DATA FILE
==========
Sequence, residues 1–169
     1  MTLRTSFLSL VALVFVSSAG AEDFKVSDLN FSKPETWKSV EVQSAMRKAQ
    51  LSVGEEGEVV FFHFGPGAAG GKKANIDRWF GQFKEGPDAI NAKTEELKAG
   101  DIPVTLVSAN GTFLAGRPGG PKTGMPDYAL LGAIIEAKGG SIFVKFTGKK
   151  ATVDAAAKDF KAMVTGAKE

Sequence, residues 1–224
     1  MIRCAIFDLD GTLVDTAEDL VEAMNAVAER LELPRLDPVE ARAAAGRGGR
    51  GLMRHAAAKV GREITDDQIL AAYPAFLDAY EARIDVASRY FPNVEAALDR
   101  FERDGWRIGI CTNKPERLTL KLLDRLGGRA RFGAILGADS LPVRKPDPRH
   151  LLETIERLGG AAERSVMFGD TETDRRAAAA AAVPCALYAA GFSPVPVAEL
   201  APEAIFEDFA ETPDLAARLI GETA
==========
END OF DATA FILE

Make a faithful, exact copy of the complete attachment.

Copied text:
Sequence, residues 1–169
     1  MTLRTSFLSL VALVFVSSAG AEDFKVSDLN FSKPETWKSV EVQSAMRKAQ
    51  LSVGEEGEVV FFHFGPGAAG GKKANIDRWF GQFKEGPDAI NAKTEELKAG
   101  DIPVTLVSAN GTFLAGRPGG PKTGMPDYAL LGAIIEAKGG SIFVKFTGKK
   151  ATVDAAAKDF KAMVTGAKE

Sequence, residues 1–224
     1  MIRCAIFDLD GTLVDTAEDL VEAMNAVAER LELPRLDPVE ARAAAGRGGR
    51  GLMRHAAAKV GREITDDQIL AAYPAFLDAY EARIDVASRY FPNVEAALDR
   101  FERDGWRIGI CTNKPERLTL KLLDRLGGRA RFGAILGADS LPVRKPDPRH
   151  LLETIERLGG AAERSVMFGD TETDRRAAAA AAVPCALYAA GFSPVPVAEL
   201  APEAIFEDFA ETPDLAARLI GETA